Nothing is generating more heat in television’s creative community these days than the new sources of production financing that are emerging for primetime scripted series.
CBS’ move to leverage SVOD rights to help pay for its ambitious summer 2013 series “Under the Dome” is a sign that the rulebook is being rewritten in real time. All of the activity from companies with roots outside the U.S. (think Gaumont, eOne, BBC Worldwide, Cineflix, Georgeville/Reliance) is invigorating for a marketplace that has been dominated by the major studios and networks since the end of the “Texaco Star Theater” era when advertisers directly bankrolled production.
A pioneer in taking a roundabout alternative path to the airwaves is Tom Fontana’s historical drama series “Borgia” — not to be confused with Showtime’s “The Borgias” from Neil Jordan. The Canal Plus series has completed two seasons on major European outlets, among other territories, and Netflix in the U.S. A third season pickup is expected soon, after which there will be a push to shop the rerun rights to a basic cabler.
By all rights, “Borgia” never should have seen the light of day given the hurdles it faced at the outset. And just a few years ago it would have been unheard of for an in-demand showrunner like Fontana to commit to shepherding a series for anything other than a major U.S. network. But the import-export traffic in TV creatives has grown substantially in recent years. Talent tends to follow the money, after all.
The concept for the costumer about the villainous Italian clan began in 2008 with execs at Atlantique Prods., one of 18 production units owned by Gaul media conglom Lagardere.
Atlantique topper Klaus Zimmerman had seen how well French TV giant Canal Plus had done with historical epics imported from the U.S. such as HBO’s “Rome” and Showtime’s “The Tudors.” He thought the exploits of the Borgias during the Renaissance era would be good fodder for a series, lensed in English, that would have appeal on both sides of the Atlantic.
To help ensure a sale in the U.S., Zimmerman set his sights on recruiting a big-name writer-producer. Lagardere helped put him in touch with Chris Albrecht, who had exited HBO at the time but had not yet landed at Starz. Albrecht facilitated the connection to Fontana, with whom he’d worked closely with on the drama series “Oz” at HBO. Albrecht’s hunch that Fontana would jump at the chance to tell the story of the Borgias proved right.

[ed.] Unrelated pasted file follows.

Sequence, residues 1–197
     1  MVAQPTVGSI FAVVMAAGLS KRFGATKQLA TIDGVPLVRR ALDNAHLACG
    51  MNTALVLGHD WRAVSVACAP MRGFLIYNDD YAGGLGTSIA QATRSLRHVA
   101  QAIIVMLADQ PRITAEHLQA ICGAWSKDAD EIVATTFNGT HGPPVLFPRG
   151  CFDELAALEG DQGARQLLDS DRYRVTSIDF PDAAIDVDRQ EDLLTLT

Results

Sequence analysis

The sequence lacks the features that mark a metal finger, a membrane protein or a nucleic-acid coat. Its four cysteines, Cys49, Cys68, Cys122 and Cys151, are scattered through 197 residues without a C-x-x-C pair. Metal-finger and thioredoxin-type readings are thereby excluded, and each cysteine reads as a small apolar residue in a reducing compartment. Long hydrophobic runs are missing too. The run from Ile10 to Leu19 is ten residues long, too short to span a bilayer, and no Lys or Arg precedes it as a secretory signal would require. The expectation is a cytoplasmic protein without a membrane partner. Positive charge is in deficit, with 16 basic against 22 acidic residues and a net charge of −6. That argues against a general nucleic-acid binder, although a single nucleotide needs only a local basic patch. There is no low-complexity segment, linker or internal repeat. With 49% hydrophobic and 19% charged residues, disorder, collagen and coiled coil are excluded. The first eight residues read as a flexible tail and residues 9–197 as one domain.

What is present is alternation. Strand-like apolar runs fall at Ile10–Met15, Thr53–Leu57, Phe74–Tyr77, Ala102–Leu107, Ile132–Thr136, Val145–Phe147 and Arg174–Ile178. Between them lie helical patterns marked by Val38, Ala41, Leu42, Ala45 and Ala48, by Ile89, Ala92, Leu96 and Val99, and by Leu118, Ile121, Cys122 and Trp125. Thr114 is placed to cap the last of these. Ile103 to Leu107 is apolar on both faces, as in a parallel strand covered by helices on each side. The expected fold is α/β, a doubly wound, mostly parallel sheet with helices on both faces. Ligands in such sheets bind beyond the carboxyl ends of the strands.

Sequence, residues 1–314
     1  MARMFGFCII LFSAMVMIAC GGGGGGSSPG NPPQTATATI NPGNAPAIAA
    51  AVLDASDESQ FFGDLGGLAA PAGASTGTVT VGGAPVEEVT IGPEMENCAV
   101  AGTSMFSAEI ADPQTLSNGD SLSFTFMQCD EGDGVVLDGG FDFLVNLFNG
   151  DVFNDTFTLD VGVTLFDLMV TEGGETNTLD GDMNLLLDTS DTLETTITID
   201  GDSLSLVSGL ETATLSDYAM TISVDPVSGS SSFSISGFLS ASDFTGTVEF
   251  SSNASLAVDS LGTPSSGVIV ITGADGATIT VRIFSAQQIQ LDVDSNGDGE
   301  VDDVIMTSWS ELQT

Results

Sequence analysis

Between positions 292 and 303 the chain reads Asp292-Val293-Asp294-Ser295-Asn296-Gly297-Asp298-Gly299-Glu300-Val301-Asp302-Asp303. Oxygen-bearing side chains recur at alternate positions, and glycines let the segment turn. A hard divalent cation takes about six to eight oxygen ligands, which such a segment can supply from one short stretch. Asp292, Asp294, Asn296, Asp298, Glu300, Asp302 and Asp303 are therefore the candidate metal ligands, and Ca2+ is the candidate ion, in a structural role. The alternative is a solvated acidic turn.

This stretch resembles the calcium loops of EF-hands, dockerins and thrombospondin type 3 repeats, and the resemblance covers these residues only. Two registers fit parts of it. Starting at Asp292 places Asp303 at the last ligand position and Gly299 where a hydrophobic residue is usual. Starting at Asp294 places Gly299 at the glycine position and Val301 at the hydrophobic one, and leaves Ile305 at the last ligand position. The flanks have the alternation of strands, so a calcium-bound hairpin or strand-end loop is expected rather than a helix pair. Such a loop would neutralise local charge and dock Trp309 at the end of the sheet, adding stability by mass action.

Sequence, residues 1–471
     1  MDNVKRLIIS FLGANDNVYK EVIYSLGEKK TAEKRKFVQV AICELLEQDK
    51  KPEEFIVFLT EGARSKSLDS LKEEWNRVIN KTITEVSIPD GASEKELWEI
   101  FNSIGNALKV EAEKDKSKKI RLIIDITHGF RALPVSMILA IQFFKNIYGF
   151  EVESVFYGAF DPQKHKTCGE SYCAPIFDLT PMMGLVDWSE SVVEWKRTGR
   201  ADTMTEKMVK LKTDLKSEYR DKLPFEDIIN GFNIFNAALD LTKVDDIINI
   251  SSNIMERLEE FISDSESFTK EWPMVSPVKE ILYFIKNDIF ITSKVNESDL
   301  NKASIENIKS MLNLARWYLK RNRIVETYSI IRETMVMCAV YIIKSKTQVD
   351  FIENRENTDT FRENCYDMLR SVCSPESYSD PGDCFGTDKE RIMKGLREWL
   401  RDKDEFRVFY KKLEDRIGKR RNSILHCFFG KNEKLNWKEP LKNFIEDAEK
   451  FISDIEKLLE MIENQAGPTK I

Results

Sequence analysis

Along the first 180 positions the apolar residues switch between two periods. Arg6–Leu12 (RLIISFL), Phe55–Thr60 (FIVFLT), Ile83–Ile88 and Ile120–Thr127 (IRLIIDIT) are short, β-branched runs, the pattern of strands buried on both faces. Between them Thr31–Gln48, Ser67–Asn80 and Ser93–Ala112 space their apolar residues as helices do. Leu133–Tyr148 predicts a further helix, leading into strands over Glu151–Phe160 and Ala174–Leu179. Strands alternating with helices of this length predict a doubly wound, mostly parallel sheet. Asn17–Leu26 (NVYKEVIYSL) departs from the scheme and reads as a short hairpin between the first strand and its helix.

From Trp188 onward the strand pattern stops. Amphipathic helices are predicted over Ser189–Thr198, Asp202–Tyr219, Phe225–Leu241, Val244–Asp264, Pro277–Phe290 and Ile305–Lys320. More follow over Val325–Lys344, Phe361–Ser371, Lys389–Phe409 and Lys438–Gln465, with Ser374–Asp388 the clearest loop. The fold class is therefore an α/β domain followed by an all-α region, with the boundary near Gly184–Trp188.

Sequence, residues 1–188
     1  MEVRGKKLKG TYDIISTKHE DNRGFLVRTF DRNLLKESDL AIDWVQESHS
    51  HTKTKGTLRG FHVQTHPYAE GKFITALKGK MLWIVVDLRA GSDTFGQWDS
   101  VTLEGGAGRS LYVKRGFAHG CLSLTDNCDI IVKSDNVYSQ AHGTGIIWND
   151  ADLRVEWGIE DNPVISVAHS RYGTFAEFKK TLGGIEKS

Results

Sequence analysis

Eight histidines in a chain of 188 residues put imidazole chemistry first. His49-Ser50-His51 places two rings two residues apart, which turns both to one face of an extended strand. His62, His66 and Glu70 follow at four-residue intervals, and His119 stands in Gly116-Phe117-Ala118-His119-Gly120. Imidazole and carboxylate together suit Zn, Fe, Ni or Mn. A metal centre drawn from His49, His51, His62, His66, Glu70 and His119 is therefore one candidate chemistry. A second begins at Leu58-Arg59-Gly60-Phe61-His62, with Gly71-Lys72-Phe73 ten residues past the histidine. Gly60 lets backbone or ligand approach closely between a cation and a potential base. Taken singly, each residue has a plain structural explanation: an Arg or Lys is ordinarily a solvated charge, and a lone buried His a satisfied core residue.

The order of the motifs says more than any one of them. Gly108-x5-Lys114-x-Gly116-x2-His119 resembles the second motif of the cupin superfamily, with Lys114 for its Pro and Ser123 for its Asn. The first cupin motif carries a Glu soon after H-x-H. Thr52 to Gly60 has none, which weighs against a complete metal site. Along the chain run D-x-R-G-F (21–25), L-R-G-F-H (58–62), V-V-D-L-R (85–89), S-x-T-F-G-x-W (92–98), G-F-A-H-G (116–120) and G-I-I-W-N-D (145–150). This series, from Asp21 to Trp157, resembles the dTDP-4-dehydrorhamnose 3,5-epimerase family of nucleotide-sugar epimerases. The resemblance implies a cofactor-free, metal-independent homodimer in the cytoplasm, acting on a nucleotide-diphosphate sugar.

Atlantique was starting to work out the numbers and scout for Euro financing partners when the news surfaced of the other “Borgias” project, from Steven Spielberg’s DreamWorks TV. With that series securing a commitment from Showtime, Atlantique’s series was seemingly dead in the water. (There was a brief attempt to “merge” the two projects but it was a creative non-starter for both camps.)
But Zimmerman and his boss, Lagardere Entertainment secretary-general Olivier Bibas, didn’t want to quit, given the interest in the project at Canal Plus. They greenlit production of 12 hours with the understanding that Atlantique would be on the hook for hefty deficit financing if other territories failed to bite on their Borgias. Fontana spent a good chunk of 2010 in and around Prague, where the first season was shot using U.K. and Euro talent, above and below the line.
“We all started with a very big ambition, and then we had to lower our expectations, and then our ambition rose up again,” Zimmerman says.
The perseverance paid off. As soon as Atlantique had some early footage to show, buyers in key major territories signed on. So did Netflix. Zimmerman credits Fontana’s attention to detail and dedication to overseeing every aspect of the show, down to the nitty gritty post-production detail work done from through the editing facilities at his home in lower Manhattan.
Atlantique’s deal with Netflix allows for a U.S. cable rerun sale, which would be the icing on the cake for the team that took the initial leap of faith. UTA, which reps Fontana, will help steer that process next year.
Although the “Borgia” saga has been closely watched by many in Europe, Zimmerman is cautious about drawing too many conclusions even as Atlantique pursues more cross-border productions. The most important lesson from the experience, he says, is recognizing that every show is its own animal — despite the industry’s yearning for templates and predictable models.
“So far every show is set up differently. You can’t replicate it,” he says. “You really have to open up your mind to break new ground. It’s a learning process for us.”